Otter Tail Power wants to delay retirement of coal-fired Hoot Lake plant
Oct 03, 2012 (Menafn - Pioneer Press - McClatchy-Tribune Information Services via COMTEX) --Otter Tail Power Co. says it should be allowed to continue operating its aging Hoot Lake coal-fired power plant near Fergus Falls, Minn., until 2020, over the objections of environmentalists, before replacing it with a cleaner natural gas facility.
The Fergus Falls-based utility filed a study with the Minnesota Public Utilities Commission Wednesday, Oct. 3., saying that operating the 140 megawatt coal-fired plant would be less costly than retiring the plant in 2015.
The company acknowledges it eventually needs to retire Hoot Lake, said Brian Draxten, Otter Tail's manager of resource planning.
But Otter Tail wants to delay the cost of replacing Hoot Lake because it also has to install 490 million in pollution control equipment at its 475 megawatt Big Stone coal-fired power plant in South Dakota at the same time in 2015, and it wants to reduce the "rate shock" of both projects to its customers, Draxten said.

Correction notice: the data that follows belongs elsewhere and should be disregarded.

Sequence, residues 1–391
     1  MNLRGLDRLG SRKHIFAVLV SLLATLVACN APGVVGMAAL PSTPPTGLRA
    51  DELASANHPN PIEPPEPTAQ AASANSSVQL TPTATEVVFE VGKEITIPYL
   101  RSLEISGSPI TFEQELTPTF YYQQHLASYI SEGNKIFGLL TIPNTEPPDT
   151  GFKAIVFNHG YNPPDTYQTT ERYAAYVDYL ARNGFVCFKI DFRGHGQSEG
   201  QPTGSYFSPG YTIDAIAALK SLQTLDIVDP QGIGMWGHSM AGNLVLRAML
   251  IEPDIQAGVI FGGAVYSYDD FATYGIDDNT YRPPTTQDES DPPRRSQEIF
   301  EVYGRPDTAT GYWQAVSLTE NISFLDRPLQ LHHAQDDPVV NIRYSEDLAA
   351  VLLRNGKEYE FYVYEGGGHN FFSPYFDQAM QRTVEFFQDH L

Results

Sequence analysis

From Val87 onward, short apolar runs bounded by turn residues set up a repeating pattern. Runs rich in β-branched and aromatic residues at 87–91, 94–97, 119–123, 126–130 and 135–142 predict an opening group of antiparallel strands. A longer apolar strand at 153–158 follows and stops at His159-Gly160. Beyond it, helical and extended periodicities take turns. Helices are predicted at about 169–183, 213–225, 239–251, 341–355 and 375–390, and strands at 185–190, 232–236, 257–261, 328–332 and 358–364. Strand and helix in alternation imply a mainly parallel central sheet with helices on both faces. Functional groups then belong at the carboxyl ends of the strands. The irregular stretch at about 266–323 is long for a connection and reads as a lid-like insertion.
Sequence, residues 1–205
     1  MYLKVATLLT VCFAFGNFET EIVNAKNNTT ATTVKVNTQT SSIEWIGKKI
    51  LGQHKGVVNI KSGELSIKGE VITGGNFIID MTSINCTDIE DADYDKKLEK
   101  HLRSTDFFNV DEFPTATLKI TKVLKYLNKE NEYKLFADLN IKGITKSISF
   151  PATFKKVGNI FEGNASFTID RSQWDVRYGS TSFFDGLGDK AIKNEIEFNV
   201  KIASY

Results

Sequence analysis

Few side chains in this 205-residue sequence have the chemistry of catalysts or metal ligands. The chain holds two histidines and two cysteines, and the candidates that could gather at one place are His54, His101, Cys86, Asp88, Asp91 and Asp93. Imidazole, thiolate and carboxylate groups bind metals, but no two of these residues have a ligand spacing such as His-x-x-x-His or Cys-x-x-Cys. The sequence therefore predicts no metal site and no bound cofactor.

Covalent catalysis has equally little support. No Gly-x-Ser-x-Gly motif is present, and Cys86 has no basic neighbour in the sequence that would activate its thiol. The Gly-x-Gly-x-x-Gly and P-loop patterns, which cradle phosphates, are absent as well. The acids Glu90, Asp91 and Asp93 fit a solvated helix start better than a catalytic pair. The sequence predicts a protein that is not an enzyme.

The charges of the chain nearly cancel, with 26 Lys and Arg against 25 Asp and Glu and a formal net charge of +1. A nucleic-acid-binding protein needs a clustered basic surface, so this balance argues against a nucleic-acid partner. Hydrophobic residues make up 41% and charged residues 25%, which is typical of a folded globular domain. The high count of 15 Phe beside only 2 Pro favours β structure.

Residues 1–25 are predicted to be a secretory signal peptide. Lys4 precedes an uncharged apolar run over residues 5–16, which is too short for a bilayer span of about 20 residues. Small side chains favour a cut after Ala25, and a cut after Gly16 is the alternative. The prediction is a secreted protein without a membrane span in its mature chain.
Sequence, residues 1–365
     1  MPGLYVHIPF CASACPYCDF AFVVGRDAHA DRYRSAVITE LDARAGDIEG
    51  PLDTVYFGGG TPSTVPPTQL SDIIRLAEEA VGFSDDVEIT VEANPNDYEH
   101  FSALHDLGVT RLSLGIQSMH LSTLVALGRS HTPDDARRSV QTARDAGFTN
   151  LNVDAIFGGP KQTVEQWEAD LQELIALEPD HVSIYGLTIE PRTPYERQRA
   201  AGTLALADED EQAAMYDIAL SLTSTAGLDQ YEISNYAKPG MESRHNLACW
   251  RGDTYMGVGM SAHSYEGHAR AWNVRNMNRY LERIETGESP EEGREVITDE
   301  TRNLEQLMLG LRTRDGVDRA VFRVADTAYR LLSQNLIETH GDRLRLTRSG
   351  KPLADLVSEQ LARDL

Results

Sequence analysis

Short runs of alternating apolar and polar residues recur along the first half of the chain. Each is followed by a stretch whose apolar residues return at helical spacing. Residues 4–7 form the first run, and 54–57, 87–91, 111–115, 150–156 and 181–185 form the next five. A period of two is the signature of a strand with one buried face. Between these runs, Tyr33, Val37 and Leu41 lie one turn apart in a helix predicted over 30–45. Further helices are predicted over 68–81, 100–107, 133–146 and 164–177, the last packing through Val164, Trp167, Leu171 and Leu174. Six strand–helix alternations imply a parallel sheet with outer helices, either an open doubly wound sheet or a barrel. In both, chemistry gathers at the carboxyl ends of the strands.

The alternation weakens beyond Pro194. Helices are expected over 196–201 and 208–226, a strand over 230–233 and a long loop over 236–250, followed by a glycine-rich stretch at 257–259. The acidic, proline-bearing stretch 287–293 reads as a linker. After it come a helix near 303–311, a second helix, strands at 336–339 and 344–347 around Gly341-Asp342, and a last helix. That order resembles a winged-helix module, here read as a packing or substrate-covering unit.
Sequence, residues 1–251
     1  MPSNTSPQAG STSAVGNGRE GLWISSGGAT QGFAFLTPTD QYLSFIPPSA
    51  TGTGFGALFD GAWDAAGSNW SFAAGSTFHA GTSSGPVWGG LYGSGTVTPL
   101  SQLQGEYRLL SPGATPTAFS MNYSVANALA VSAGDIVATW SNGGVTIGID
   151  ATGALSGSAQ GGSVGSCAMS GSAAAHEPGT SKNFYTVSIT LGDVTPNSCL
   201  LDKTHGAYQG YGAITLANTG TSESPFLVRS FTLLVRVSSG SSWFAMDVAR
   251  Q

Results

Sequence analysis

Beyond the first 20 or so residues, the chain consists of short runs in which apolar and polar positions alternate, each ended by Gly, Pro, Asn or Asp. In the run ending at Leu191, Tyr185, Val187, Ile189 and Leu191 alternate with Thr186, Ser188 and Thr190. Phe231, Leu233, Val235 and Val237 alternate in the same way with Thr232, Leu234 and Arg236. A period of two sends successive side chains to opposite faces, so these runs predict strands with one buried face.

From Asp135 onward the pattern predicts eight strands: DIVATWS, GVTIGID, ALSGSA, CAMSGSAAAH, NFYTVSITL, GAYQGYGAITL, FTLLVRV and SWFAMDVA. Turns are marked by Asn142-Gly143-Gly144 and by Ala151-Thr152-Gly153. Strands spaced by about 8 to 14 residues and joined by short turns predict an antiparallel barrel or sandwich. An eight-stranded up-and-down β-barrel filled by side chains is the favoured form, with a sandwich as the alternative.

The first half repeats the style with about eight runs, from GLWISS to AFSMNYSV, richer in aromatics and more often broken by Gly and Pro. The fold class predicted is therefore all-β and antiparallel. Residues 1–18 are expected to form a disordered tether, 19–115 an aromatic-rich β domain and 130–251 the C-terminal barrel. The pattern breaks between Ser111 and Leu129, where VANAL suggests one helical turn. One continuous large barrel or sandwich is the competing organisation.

The PUC in February ordered Otter Tail Power to conduct the study to determine how the utility was diversifying its power sources and reducing its reliance on coal-fired power. The state has one of the country's most aggressive renewable energy standards, calling for utilities like Otter Tail to get 25 percent of their power from clean renewable sources like wind by 2025.
Environmentalists, concerned about carbon emissions from coal-fired power plants, have been calling for years for Hoot Lake to be retired. The facility's two units were built in 1959
and 1964 and provide 20 percent of Otter Tail Power's electrical output, utility officials said.
PUC hearings on Otter Tail Power's proposal are not expected until next spring.
Leslie Brooks Suzukamo can be reached at 651-228-5475. Follow him at twitter.com/suzukamo.
___ (c)2012 the Pioneer Press (St. Paul, Minn.) Visit the Pioneer Press (St.
Paul, Minn.) at www.twincities.com Distributed by MCT Information Services
Copyright (C) 2012, Pioneer Press, St. Paul, Minn.